The Trouble With Onions, And How Carolyn Webb’s Terrible Touts Saved The Day

October 27, 2011

Finally, I reach the end of the long check-out queue at Bintang Supermarket. My purchases are scanned, and only about one-third of them need manual input because of the inevitable crumpled bar-code labels – apparently a specialty of this place.  Then I’m only delayed for a further five minutes while the cashier looks at me with silent censure and sends an assistant to wander off to weigh my pre-packed bag of onions. I’m looking at my pre-packed, bar-coded bag of potatoes and thinking, “Why should onions be different?” but I hold my tongue.

After four minutes of waiting, I’m ready to tell the cashier to forget the onions, but just then I spy the assistant slowly ambling back and bite my tongue again. The bar-code won’t scan properly, of course, so there’s more pecking of cash register keys until the display grudgingly admits that I have bought onions and not tomatoes as it insists at first. I should have recognised that all this nonsense was a sign from above that I should have just left the onions, paid and gone home.

Eschewing the dreaded plastic bags, I load up my two venerable recyclable bags with a ridiculously heavy load, stuffing all of my shopping into one shoulder bag and one smaller bag. The cashier looks at my shoulder bag with a practised eye, says “too heavy!” and offers me a plastic bag. I piously refuse. As I stagger to my bike, listing well to the right to counterbalance the load, I’m thinking that maybe the cashier was right. But, you know, it would be unmanly to go back and ask for another bag now, so I persevere. Besides, once I’m on the bike, I can just rest the weight of the bag on the pillion and everything should be fine. I’m such an optimist.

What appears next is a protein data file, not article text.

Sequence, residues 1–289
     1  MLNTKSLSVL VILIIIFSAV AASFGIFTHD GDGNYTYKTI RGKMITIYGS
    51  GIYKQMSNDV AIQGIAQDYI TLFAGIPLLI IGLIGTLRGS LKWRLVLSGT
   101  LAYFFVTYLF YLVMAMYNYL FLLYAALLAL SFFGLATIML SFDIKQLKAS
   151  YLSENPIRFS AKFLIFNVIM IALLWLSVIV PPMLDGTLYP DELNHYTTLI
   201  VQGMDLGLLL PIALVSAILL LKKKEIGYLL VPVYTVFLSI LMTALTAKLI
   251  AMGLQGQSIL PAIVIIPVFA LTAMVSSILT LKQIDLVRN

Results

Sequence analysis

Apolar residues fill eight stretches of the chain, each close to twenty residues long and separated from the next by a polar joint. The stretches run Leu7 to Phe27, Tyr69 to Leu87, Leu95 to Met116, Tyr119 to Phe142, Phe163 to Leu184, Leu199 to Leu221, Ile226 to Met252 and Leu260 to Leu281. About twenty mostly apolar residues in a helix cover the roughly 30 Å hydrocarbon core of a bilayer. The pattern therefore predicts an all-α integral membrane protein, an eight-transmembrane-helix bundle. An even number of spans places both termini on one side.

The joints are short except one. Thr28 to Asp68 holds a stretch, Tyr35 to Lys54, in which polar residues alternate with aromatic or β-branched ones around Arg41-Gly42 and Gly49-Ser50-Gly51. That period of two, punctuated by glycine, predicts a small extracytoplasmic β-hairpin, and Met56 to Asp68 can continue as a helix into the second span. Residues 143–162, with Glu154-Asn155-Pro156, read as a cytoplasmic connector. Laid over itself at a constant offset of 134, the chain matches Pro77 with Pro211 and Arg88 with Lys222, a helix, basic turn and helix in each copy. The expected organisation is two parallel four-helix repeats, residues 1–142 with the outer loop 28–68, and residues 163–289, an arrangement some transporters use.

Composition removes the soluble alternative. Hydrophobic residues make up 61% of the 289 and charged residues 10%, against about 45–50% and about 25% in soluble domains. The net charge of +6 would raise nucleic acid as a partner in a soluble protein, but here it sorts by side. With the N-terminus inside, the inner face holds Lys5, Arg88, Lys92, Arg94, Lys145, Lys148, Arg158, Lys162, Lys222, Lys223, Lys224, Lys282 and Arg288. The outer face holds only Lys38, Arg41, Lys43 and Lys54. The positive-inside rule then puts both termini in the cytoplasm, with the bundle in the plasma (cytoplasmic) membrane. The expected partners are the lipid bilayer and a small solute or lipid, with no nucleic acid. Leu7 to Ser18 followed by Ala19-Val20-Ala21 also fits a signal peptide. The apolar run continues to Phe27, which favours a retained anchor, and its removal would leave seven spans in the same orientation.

So there I am, negotiating the left-hand turn from Jl. Legian into Jl. Nakula, grinning a greeting at the local touts outside the MiniMart.  I skilfully manoeuvre through the deep pothole on the corner – the one that has been cleverly patched with concrete and immediately opened to traffic before it has set. It is a maze of trenches, ridges and wheel ruts which jolt my bike and rattle my teeth. Obviously I’m not skilful enough through this obstacle, because I feel a little warning snap of releasing stitches at my shoulder. But before I have time to react, the strap breaks completely and my precious bag falls off the pillion and into the middle of the road with a great thump.

Oh no! I hear the Bali traffic bearing relentlessly down on it while I try to park the bike at the side of the busy road. My coffee jar! My chilli sauce! Visions of exploding Rinso packets mixing with all the gooey stuff as fat tyres crush my shopping fill my mind. There is another thump as my other bag slips off its bike hook and bounces to the kerb. I stare at it, see that it’s not going to fall any further, spin around to see what has become of the first bag – and stop dead.

One of Carolyn Webb’s much-maligned touts has stopped traffic for me. Drivers are grinning and waiting patiently as I run back to retrieve my goodies, helped by another of the tout’s allegedly terrible cronies. An ojek driver – obviously taking time out from ferrying prostitutes, if you are to believe Ms. Webb – stops his bike and pushes mine to a safer place on to the footpath. He retrieves dropped bag number two and puts it back on the hook. It takes less than a minute to clear the road and have me on my way. I thank the guys profusely, but they wave it off with a grin and a “no problem!” They think that the whole debacle is funny – they’re big on physical humour here.